What rights do parents have regarding emergency medical care of a newborn?
March 10, 2009 3:21 PM Subscribe
What rights do parents have to stop resuscitation and other medical intervention in an extremely premature or gravely compromised newborn?
posted by werkzeuger to law & government (18 answers total) 11 users marked this as a favorite
My wife and I recently learned we are expecting twins. We have already lost two pregnancies, one to a severe fetal defect. We are more conscious than most parents-to-be about what can go wrong, and twins carry their own complications. My wife is a health care professional in an emergency room and she deals daily with the possible negative long-term consequences of aggressive neonatal intervention. It may shock some, but we both believe that in some cases it is better to let a baby die peacefully.
All of this had led us to wonder what rights we have, if any, to limit care to a newborn arriving with a profound life-threatening defect or condition. Our nightmare is to have babies who would be in our opinion better allowed to die whisked away and given heroic treatment that would prolong their suffering. I can easily imagine the tremendous pressure in a delivery room to do whatever is necessary to save a baby, and we fear being steamrolled by that momentum.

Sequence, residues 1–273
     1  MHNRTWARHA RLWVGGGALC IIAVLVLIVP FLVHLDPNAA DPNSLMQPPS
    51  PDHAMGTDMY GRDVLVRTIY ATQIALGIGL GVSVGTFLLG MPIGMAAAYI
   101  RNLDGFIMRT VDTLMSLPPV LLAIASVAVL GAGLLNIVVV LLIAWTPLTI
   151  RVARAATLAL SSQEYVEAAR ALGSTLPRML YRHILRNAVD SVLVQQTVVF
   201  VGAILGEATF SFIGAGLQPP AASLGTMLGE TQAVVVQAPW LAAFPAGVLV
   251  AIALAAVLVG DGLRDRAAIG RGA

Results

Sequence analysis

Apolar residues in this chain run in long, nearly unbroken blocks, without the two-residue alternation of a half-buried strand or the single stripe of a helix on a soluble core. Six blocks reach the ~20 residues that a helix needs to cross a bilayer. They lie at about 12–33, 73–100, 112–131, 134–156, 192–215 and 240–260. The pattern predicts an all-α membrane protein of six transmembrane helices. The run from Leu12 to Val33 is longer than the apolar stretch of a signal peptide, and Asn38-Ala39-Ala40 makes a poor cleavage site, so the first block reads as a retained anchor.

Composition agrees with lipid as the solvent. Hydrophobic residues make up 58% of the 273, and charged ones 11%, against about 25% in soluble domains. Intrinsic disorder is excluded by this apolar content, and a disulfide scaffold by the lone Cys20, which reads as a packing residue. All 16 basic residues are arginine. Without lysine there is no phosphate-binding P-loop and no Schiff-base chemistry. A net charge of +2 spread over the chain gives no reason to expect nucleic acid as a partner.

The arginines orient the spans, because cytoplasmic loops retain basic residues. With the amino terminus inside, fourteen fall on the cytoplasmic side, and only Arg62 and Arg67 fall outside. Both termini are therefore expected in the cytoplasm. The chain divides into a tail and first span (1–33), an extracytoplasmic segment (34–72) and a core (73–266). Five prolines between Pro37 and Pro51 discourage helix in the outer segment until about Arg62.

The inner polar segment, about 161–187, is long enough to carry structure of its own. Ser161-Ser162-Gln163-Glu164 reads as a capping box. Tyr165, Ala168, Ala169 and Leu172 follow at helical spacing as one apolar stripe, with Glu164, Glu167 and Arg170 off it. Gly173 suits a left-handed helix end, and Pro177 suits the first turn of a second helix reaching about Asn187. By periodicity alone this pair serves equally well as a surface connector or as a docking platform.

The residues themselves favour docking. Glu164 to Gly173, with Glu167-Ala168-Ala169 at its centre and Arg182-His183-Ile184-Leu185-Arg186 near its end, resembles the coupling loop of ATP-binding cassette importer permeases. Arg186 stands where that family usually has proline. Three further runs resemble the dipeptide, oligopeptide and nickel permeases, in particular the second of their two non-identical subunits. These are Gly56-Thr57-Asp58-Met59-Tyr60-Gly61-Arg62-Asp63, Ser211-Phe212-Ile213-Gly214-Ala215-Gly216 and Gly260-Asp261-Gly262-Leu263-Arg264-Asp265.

It appears the topic of neonatal do-not-resuscitate orders is almost taboo (a google search of “neonatal DNR” returns just three results) but such orders are possible. Complicating further is the so-called “Baby Doe” law of 1982 that requires hospitals to provide certain types of care to newborns regardless of parental desires, and defines the failure to do so as abuse/neglect.
The actual question is what can we say no to, and under what circumstances? How premature (in this time of expanding viability) is premature enough to say “no, too early!”
We will definitely be talking to our OB about this, but I would dearly appreciate the input of the hivemind. Thanks in advance for discussing law, rights and practice instead of morality. This is a really tough thing for us. We're in Minnesota, USA if state law matters.